Amazon’s Author Ranking And Why It Means So Little



Last week, Amazon introduced a new author ranking system based on the sales of an author’s entire portfolio, not just on the sales of individual novels. It’s supposedly intended to empower authors, and Mark Coker, founder of says “It’s a smart feature. It recognizes that the author — not the publisher — is the brand that readers care about.” Uhm, yeah…

Obviously, writers and authors everywhere in the world are already gaining neurotic momentum about it. It’s in the job description somewhere, I believe. “Go forth and screameth of The End Of The World each time there’s a change in the industry,” or something. Anyway. There was enough potential for anxiety, complexes and personal catastrophes waiting for freshly baked authors before, now midlisters are also given a tool to feel miserable and unworthy. Go Amazon!

The LA Times sums up the first reactions about the impact Amazon’s new author ranking system had on the tweeting writers community. No surprise there, the majority is appalled. Someone even called it a “celebration of the elite, not a helping hand,” and that’s a pretty accurate description of it, even though it’s emotionally laden. (Of course all rating systems and bestseller lists are lists of those who’ve succeeded, that’s the reason these lists were created in the first place. But anyway, that’s off topic.) John Scalzi also gave a neat description of who benefits from Amazon’s new brainchild right here. Spoiler alert: it’s not the average author.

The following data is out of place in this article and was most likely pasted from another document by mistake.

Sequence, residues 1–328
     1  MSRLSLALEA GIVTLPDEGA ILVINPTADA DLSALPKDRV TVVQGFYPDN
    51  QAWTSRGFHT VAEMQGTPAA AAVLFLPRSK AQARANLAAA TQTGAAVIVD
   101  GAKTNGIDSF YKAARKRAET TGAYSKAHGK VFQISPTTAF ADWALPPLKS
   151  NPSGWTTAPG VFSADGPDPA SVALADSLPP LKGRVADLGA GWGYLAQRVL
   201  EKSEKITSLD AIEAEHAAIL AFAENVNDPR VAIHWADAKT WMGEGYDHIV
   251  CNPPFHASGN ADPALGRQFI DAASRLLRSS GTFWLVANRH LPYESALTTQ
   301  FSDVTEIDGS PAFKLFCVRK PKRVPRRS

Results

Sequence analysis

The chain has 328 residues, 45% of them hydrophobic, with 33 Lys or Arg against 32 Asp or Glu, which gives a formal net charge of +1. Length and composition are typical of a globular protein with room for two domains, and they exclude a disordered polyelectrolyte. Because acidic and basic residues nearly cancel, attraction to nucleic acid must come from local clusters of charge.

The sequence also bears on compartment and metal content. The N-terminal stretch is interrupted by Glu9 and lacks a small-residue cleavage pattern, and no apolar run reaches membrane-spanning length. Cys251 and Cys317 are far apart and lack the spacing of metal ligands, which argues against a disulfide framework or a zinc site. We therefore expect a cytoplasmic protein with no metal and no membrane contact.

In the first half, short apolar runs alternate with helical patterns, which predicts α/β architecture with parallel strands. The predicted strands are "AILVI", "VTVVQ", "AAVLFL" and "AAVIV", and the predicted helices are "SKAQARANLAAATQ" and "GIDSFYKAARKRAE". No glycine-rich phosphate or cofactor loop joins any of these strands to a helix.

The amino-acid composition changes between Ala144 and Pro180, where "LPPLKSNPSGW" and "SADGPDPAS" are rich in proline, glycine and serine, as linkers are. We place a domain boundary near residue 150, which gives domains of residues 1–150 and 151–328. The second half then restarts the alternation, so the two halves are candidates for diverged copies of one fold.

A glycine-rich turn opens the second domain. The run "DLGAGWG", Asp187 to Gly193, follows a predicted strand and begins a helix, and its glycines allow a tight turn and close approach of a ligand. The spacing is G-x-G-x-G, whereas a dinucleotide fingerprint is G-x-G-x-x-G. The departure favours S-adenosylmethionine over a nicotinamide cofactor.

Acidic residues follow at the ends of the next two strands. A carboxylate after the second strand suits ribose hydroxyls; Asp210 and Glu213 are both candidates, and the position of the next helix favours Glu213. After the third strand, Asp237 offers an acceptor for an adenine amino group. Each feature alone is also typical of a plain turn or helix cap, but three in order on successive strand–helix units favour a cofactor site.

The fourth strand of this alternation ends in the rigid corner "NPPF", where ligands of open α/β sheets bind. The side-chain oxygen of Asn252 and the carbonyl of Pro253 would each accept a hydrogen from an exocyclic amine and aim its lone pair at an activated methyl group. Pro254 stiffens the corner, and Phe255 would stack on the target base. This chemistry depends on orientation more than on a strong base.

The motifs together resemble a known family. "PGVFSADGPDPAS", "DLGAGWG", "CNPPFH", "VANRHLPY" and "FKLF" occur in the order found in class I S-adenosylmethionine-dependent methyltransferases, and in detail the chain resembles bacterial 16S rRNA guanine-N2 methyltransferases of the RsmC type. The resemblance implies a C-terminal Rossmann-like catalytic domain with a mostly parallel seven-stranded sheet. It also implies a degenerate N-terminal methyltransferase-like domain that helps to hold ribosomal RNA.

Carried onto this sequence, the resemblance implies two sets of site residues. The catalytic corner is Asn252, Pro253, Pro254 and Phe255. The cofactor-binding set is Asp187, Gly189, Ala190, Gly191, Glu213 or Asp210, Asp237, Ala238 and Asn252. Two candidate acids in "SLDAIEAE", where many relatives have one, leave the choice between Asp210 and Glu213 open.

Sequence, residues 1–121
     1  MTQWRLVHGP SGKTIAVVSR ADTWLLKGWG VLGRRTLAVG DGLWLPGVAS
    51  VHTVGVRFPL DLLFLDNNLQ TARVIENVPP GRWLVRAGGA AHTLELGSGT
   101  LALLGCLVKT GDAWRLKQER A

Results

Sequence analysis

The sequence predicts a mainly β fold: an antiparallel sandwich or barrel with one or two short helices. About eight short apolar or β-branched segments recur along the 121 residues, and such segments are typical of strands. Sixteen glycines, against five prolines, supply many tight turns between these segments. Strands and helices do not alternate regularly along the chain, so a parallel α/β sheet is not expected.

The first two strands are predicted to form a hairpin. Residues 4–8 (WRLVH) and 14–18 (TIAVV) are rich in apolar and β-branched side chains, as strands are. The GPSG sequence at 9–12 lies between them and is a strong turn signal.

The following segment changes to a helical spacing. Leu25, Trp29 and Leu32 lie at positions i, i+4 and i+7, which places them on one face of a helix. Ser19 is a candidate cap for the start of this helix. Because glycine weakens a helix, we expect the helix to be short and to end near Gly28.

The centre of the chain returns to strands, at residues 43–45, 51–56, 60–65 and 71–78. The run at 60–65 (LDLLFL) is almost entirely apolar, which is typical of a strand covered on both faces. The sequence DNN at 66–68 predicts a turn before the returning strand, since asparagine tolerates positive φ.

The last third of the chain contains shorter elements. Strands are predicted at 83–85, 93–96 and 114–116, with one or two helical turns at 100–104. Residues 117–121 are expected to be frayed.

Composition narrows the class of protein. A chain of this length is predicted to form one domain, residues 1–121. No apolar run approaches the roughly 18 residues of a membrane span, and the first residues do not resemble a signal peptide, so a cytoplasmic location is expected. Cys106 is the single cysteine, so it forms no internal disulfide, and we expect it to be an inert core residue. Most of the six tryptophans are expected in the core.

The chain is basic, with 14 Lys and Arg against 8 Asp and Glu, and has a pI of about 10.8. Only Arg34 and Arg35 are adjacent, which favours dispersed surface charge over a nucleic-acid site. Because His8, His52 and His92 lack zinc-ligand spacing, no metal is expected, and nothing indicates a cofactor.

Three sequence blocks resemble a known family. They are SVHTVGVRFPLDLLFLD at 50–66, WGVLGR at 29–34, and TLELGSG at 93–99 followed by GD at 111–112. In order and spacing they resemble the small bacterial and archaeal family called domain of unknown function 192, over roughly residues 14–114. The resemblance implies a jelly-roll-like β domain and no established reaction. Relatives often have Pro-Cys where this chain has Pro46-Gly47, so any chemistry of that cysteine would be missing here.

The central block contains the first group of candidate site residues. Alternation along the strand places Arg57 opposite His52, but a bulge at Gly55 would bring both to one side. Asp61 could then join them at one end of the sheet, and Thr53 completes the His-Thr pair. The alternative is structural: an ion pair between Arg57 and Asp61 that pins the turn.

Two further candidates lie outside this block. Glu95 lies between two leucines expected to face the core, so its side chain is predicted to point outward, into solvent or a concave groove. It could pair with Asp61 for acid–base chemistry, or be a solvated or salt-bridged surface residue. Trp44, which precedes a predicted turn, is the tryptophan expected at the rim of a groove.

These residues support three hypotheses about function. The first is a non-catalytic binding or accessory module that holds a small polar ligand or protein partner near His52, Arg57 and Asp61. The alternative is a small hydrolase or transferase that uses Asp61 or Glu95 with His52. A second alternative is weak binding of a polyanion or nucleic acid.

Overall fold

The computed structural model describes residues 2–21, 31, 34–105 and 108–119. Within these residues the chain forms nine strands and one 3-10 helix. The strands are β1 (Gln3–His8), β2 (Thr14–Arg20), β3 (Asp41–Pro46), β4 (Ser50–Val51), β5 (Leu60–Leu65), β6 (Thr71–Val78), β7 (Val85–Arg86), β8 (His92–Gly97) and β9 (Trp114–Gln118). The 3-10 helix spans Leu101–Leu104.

This author ranking system bears a disadvantage to new writers with only one book in circulation, compared to more seasoned, prolific writers with 10, 20 or more different works concurrently out for sale. It also only takes sales into account that were made solely through Amazon, thus ignoring all sales through other vendors or channels which makes it inherently subjective and limited, but that’s only logical. What’s not so logical is the fact that so many writers allow such things to make or break their motivation and self-confidence.

It’s a business tool, people, not a fair judgement of quality. It won’t increase or decrease your sales, especially if you’re not among the top 100. In fact, I believe the further you’re down that list, the less it will affect you. I doubt readers look for new books to read based on author name and rank. They look for genre, maybe flashy covers and gripping blurbs, but they rarely give a rat’s ass who the author is unless he’s famous already. So if you’re an average Joe Writerguy, you won’t feel a thing. Nothing will change for you because of Amazon’s author ranking system.

My advice? Just relax. Take a deep breath, pet your kitten, take a bath with a good book and glass of wine. Just chill.